A growing body of research in the field of positive psychology suggests that gratitude can uplift the human spirit and provide many benefits in people’s lives.
By Melody Smith, BA
We associate Thanksgiving Day with the gathering of family and friends around a great feast, parades, football games, and helping others. “Turkey Day” also gives pause to express gratitude or give thanks in any number of ways. For many people, however, the approaching holiday season is marked with depression, anxiety, and grief.. While some ring in the holiday season with cheer, others are left wondering how to cope with yet another holiday.
A growing body of research in the field of positive psychology suggests that gratitude can uplift the human spirit and provide many benefits in people’s lives. An article from Happier Human summarized 31 benefits of gratitude.
The benefits can be broken down into five categories: emotional, social, personality, career, and health benefits.
In addition, the article references current research on gratitude and examines exactly how researchers measure gratitude. While space does not allow for a full reevaluation of each of the 28 benefits of gratitude, let’s take an overview of each of the five categories:
- Emotional Benefits:
The research indicates practicing gratitude positively influences emotional health by improving self-esteem, overall happiness, feelings of well-being, and can even reduce suicidal ideation.
- Social Benefits:
When we focus on finding gratitude, we notice the social support that we might have taken for granted over time. Gratitude broadens our network of friends and enhances our established relationships. Those who practice gratitude have greater access to ongoing social support, reliable family relationships, and resources in times of stress or crisis.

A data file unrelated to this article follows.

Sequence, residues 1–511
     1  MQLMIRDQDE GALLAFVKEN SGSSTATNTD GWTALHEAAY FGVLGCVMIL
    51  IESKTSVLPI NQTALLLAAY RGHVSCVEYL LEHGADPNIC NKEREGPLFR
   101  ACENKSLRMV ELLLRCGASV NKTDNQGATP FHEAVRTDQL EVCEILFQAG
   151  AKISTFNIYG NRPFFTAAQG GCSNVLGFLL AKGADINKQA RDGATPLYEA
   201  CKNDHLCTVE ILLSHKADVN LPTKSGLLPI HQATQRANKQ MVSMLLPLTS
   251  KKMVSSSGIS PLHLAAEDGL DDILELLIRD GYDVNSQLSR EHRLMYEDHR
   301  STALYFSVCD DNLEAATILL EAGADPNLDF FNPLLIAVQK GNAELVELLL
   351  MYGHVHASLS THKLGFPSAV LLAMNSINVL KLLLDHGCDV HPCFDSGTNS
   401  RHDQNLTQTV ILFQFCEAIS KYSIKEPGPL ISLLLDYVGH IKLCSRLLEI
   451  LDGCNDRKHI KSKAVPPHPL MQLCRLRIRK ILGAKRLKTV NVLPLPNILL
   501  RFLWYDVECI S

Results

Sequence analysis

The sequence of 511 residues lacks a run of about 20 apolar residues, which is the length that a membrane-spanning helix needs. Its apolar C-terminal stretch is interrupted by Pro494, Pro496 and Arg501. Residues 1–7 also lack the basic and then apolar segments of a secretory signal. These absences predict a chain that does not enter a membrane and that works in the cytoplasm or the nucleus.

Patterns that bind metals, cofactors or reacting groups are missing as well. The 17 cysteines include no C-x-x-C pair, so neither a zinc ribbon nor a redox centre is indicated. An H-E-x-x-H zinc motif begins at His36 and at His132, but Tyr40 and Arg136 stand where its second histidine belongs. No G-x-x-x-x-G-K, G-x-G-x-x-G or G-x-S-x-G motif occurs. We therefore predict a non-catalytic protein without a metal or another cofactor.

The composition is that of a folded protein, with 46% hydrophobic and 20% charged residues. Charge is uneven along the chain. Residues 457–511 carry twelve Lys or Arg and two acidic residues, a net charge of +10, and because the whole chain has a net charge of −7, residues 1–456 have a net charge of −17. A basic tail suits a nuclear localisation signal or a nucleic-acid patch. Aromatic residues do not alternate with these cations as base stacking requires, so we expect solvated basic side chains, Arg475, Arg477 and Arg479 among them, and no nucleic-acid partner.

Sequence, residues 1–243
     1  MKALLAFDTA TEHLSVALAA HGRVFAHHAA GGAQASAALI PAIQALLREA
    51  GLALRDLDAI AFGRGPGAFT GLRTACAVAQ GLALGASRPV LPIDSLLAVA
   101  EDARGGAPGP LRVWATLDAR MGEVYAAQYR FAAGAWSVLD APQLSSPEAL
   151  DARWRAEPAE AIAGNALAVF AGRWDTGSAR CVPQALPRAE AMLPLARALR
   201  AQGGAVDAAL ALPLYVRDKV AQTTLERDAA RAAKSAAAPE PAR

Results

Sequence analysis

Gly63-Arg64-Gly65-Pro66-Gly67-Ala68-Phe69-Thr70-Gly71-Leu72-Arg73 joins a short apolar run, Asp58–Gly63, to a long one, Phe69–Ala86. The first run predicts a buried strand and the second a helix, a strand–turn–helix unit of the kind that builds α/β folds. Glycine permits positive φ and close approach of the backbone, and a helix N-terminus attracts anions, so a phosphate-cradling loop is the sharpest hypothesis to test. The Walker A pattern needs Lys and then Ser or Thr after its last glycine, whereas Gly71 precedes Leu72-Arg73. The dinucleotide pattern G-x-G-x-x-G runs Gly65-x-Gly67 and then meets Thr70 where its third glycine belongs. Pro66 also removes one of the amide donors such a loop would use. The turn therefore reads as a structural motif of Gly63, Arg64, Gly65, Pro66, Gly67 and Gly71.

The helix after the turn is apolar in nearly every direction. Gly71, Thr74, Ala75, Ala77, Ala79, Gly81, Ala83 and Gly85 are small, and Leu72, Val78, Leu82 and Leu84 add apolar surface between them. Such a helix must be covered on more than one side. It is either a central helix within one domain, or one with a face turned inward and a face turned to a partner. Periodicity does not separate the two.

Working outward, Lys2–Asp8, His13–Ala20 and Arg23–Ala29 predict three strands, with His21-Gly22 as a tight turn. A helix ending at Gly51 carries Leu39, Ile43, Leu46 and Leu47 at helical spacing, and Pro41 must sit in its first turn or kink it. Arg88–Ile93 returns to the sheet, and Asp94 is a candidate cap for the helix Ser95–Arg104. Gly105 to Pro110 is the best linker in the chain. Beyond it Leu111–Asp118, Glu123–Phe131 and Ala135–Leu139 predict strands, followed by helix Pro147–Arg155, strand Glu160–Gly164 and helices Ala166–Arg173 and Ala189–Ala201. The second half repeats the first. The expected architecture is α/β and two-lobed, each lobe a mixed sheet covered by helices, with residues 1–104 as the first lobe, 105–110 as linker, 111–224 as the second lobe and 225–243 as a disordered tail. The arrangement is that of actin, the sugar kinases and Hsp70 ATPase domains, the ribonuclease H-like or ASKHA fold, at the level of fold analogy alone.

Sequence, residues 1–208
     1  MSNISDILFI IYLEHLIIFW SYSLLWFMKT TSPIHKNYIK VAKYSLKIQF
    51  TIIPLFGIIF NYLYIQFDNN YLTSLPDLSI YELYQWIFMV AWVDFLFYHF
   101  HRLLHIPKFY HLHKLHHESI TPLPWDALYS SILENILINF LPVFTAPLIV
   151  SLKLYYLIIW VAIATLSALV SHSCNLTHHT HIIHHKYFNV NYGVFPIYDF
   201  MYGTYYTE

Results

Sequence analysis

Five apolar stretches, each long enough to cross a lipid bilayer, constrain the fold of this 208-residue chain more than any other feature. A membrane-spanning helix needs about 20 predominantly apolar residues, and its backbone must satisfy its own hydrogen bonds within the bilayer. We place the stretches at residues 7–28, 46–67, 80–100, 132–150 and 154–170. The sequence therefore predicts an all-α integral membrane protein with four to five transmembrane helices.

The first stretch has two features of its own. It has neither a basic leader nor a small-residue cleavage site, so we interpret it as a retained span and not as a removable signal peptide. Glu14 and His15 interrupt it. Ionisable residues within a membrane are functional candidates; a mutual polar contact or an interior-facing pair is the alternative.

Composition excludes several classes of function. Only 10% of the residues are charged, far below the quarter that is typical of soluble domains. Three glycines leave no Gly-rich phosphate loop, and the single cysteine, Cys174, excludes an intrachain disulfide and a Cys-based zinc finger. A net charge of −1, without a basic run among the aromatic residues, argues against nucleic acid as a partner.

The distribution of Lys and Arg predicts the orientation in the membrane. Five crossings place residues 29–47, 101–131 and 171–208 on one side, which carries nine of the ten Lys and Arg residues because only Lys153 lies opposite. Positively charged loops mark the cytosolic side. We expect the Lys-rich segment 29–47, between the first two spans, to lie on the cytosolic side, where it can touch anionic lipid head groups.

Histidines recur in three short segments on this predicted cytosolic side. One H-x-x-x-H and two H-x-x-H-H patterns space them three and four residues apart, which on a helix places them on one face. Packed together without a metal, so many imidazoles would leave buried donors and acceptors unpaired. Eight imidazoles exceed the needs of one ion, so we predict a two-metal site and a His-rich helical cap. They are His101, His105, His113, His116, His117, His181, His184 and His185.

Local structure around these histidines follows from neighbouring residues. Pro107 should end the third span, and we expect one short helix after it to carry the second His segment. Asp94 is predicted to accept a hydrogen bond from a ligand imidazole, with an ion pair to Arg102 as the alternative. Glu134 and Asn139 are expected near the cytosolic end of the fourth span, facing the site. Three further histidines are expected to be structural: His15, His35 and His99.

- Personality Benefits:
There is evidence that practicing gratitude can make you a more optimistic person. A renewed sense of optimism can reroute your brain to more positive thinking. Looked at another way—optimism begets optimism. Research also shows that spirituality can enhance the benefits of gratitude, as well as the other way around. Moreover, grateful people appear to be more altruistic and less materialistic. Remember that spirituality can be practiced in a church, in nature, or anywhere you find serenity.
- Career Benefits:
Evidence suggests the benefits of gratitude extend to the workplace, especially at the managerial level where sensible decision-making, guiding and motivating subordinates is essential. Practicing gratitude helps employees find meaning in their work, feel appreciated, thus reducing job stress and turnover.
- Health Benefits:
Gratitude improves physical health. According to the evidence, grateful people have less depression, better blood pressure, better quality sleep, and exercise more often. Likewise, gratitude is beneficial when it comes to recovering from substance abuse, cardiac events, and dealing with mental health issues.
With so many advantages to being grateful, the findings of positive psychology researchers seem simply too good to be true. Poet and essayist Henry David Thoreau once said, “I am grateful for what I am and have. My thanksgiving is perpetual.” Thoreau suggests, along with much of the gratitude research, that Thanksgiving is not just for one day a year, but it is something that should be nurtured continuously.